So despite all that, we had an enjoyable week. We got involved with the local Food Bank this transfer and had a really nice time serving the people of England. One particularly poignant experience we had this week is as follows. What happens is, people that are in need receive a food stamp, which they can bring to any food bank and receive food. They also offer a hot beverage and people to talk to, if people want to. This youngish couple came in this week and started telling us their story while they were waiting for their food to be packed up. They are both having a really difficult time finding jobs where they can get enough money to stay afloat. As a result of that pressure, combined with possibly losing their house, they are both struggling with depression. They have a six year old little girl as well, and as this man was describing how he had to sit their daughter down and explain that they might be homeless right before Christmas, he broke down and just started sobbing. I will never forget the look in his eyes, a combination of sorrow, grief, and desperation. All three of us just felt so strongly in that moment how much God loves this man, even if he is not aware of it right now. I hope he comes into the path of missionaries again at some point. It made me think of the Samarian women that is talking to Christ at the well, and he explains that He is the living water, that those that partake of his gospel will never thirst [and I would add go hungry] again.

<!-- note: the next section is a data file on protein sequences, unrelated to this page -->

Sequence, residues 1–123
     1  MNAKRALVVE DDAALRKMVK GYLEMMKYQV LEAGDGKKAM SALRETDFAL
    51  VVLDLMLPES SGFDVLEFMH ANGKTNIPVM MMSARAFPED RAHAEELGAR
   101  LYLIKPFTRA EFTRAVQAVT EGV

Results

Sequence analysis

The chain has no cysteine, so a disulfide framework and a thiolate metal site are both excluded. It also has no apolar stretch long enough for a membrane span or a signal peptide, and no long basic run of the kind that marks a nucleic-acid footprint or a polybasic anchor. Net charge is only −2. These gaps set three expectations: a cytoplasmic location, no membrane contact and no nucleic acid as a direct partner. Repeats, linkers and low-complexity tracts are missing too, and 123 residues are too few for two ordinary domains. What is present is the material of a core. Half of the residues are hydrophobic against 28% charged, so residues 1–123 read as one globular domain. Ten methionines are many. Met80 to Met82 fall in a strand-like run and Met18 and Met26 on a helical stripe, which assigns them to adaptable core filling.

Also, we had a chance to get to know one of the Chinese students that is staying with one of the families in the ward for a couple years, doing school here. Her name is Ellen and she is sixteen. The family invited us over for tea and so we had a great time. At the end, we did a simple lesson on what the holy spirit is and what it does. Sam, the mom of the family called us later to tell us that as they gathered for family prayer later that evening, Ellen offered to say the prayer for the very first time.